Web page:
Removal and Recovery are two keywords for effective and economical process. In the process of guiding the engineering students in their projects, the author has worked towards removal of some pollutants from wastewater by using low cost adsorbents. Also use of some waste materials was investigated with the help of graduate students. This book is an effort to publish some valuable work in book format. Galore Publication has very long standing working relation with author. First chapter is introduction to the book topic with authors’ aims and objectives. Second chapter carries in detail literature survery of the investigations on the related topics in recent past. Third chapter discusses use of low cost adsorbent for organic matter removal. Organic matter removal from waste water is principle purpose behind treatment operations. Organic matter, if present in wastewater, reduces dissolved oxygen and forces the waster contaminants to undergo anaerobic decomposition. The treatment for organic matter removal can be carried out by various physical, chemical and biological methods, in combination or separately. The most important methods in biological and physic-chemical category are activated sludge process and adsorption. The adsorption with low cost adsorbents is feasible and economical method. In current research, three adsorbents namely, commercial activated carbon(AC), leaf litter derived adsorbent(LLDA)and wood charcoal derived adsorbent(WCDA) are used for studying their ability to removal organic matter measured as chemical oxygen demand(COD) and biological oxygen demand( BOD) from wastewater. The studies were carried out for parameters such as contact time, adsorbent dose and pH. With adsorbent dose and contact time, the adsorption increased for initial increase and then remained constant. The pH value of 6 provided best results for all three adsorbents.
Fifth chapter deals with acetic acid adsorption on rice husk adsorbent. Low cost treatment of the wastewater is the need of the hour. Wastewater treatment can be carried out by various chemical, physical and biological methods. Water treatment technologies in the developing world typically focus on removing various types of impurities from waste water such as suspended solids, microbial pathogens, inorganic and organic components. Adsorption by using low cost adsorption is widely studies treatment method. Activated carbon has the capacity to remove these problematic chemicals from waste water. A simple, inexpensive and effective activated carbon production process use local agriculture waste. Acetic acid is present in the effluent from petroleum, fine chemical, pharmaceutical and textile industry. Sixth chapter deals with heavy metal removal. Heavy metal removal from wastewater can be carried out by various chemical, physical and biological methods. The presence of heavy metal can affect man and environment adversely. The heavy metal treatment by using adsorption can be carried out by using low cost adsorbents. In the research, the bagasse and groundnut shells are used as low cost starting materials for adsorbent preparation. Batch studies are carried out for studying removal of iron and chromium from synthetic wastewater for bagasse adsorbent (BA) and groundnut shell adsorbent(GSA). It was observed that optimum adsorbent dosage of 2.5 g/100 ml and 1.5 g/100 ml were sufficient for adsorption of almost 90% of the initial metal concentration for iron and chromium respectively. The amount of the metal removed at optimum pH increased with increase in adsorbent dosage. The optimum pH for the removal of chromium (VI) and iron (III) was in the range of 2 to 4 for both, BA and GSA. Seventh chapter deals with packed bed heavy metal treatment. Packed and fluidized beds can be used for removal of heavy metals from wastewater. In the current investigation, packed bed, 45 mm in diameter is used for adsorption of iron and chromium from synthetic effluent. The break through time was observed to be 40 to 45 minutes for removal of these heavy metals. Ideal adsorption time was 88 to 90 minutes.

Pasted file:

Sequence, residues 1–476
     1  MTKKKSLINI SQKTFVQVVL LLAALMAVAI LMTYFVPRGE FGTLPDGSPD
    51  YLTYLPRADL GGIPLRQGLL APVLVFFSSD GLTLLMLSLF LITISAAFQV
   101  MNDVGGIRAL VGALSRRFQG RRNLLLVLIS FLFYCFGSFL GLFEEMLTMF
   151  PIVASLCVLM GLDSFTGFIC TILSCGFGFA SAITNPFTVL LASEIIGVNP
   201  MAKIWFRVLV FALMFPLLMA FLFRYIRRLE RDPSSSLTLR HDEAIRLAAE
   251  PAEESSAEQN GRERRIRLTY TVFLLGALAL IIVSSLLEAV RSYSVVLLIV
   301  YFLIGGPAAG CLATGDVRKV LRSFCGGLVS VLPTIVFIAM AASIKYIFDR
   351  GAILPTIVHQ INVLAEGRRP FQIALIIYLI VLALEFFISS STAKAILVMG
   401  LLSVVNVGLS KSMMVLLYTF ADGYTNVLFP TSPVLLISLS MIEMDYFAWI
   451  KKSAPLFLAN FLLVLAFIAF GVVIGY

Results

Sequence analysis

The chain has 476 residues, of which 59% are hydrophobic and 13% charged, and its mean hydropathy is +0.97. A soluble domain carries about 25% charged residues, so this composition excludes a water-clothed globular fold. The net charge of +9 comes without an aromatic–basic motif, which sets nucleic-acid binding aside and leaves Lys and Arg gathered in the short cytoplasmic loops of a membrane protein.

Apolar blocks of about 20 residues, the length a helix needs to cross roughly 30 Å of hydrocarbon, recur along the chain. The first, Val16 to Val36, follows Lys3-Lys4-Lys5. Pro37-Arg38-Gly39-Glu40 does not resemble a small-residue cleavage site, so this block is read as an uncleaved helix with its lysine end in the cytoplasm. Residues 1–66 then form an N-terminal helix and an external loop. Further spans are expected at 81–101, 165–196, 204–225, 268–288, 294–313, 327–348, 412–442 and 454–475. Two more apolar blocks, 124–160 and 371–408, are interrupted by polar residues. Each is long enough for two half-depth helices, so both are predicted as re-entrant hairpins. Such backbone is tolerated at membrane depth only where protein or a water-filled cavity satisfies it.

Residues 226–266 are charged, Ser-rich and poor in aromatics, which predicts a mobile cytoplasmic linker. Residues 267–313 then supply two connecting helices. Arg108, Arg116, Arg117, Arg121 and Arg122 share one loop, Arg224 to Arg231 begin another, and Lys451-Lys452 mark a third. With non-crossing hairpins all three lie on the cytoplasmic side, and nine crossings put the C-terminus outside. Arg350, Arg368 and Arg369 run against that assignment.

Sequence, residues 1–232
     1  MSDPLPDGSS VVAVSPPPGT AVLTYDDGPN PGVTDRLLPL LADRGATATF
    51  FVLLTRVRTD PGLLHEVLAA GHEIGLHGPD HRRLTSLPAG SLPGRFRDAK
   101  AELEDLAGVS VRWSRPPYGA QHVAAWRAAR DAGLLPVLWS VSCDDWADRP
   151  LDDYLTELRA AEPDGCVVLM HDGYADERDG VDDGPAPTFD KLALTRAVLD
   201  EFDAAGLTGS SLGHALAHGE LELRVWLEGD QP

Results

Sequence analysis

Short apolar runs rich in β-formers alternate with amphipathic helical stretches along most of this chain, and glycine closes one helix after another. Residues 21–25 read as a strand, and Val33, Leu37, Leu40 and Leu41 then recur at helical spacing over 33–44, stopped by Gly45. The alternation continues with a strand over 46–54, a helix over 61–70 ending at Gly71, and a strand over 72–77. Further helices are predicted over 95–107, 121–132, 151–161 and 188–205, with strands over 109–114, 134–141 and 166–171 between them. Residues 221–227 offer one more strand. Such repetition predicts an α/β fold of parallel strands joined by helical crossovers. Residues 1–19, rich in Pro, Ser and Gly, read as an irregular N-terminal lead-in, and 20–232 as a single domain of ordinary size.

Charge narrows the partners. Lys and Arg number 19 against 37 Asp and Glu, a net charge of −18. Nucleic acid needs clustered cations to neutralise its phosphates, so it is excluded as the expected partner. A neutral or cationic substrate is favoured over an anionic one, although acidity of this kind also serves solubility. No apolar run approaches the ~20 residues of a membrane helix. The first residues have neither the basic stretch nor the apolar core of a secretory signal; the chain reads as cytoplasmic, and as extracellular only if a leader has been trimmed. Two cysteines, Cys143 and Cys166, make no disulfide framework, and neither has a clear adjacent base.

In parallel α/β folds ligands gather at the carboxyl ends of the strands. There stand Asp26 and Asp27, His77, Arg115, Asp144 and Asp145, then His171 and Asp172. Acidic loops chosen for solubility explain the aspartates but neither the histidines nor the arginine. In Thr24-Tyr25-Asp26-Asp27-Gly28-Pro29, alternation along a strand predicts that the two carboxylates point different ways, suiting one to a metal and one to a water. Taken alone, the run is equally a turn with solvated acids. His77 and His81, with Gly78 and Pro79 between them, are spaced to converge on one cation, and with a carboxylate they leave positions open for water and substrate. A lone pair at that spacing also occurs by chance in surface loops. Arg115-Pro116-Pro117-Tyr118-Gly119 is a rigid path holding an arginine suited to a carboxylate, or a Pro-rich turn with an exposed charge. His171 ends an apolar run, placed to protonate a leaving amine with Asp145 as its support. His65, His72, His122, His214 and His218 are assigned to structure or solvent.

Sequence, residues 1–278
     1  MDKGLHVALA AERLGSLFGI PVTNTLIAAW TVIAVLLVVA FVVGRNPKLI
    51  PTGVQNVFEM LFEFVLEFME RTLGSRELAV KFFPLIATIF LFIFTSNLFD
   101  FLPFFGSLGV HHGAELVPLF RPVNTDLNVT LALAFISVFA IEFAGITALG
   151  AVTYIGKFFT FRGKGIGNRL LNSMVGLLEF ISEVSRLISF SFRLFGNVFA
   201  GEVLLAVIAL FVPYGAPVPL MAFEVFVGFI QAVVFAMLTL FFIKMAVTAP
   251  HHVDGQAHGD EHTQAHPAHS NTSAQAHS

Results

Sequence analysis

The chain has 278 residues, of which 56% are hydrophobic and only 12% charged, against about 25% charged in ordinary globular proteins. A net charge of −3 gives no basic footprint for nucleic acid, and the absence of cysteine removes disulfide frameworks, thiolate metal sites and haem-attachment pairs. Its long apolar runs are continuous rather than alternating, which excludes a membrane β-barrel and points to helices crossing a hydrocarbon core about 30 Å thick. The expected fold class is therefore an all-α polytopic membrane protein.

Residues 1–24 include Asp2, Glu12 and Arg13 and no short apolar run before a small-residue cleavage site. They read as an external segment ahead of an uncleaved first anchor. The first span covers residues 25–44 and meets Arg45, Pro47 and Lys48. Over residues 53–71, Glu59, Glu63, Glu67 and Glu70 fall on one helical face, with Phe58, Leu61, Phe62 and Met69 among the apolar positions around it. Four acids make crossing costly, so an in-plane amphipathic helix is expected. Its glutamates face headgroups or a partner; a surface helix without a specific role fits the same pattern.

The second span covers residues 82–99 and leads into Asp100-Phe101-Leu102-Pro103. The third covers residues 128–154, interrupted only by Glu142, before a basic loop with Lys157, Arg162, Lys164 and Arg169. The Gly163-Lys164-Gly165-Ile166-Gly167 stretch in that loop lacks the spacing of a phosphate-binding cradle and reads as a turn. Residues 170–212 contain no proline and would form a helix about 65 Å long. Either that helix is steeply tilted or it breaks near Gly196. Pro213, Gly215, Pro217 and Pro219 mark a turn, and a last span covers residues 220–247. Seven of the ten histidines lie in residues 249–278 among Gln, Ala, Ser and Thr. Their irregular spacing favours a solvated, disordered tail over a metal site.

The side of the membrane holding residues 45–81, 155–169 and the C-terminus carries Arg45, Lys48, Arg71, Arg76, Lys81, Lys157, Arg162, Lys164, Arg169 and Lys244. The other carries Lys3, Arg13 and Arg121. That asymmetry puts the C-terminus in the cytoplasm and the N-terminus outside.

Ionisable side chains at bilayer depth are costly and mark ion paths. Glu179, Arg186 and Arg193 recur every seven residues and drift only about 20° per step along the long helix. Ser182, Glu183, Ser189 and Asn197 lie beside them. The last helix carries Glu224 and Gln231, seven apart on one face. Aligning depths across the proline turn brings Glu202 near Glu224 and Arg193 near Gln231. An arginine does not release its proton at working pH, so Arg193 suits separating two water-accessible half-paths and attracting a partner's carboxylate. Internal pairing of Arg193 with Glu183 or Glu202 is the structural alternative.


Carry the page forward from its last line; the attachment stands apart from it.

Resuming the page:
Eighth chapter discusses the essential oil extraction from lemon grass. Distillation based recovery processes such as steam and vacuum distillation are preferred for the extraction of essential oils from plant materials. Other methods include solvent extraction, expression or enfleurage. In the present work, three methods are used for oil extraction namely solvent extraction, hydro distillation and enfleurage. By using solvent extraction, 2.9 grams of essential oil per 140 grams of dry lemongrass sample. This gives about 2.07% yield of essential oil. By enfleurage method, 2.74 grams of essential oil per 140 grams of dry lemongrass sample was obtained. This amounts to 1.957% oil yield. 1.325 grams oil per 140 grams of lemongrass sample was obtained by hydro distillation process, i.e. 0.946% yield of oil. 9th chapter deals with ethanol synthesis from maize. Ethanol synthesis by using raw feed stock is being widely explored. Production of ethanol from waste food grains, fruit wastes, vegetable wastes, and sugar industry byproducts is being carried out on experimental, pilot plant and in some cases industrial scale. Ethanol has huge potential as fuel and is main compound in alcoholic beverages. It is most often used as a motor fuel, mainly as a bio fuel additive for gasoline. Bio ethanol can be made from very common crops such as sugar cane, potato, manioc and corn. In current research sugar molasses is used for ethanol synthesis. Ethanol production from sugarcane molasses can serve as value addition to the sugar factory or the distillery. It minimizes the dumping problem of the sugar cane waste. The last chapter explores the use of sugar cane juice molasses as feed stock for ethanol production.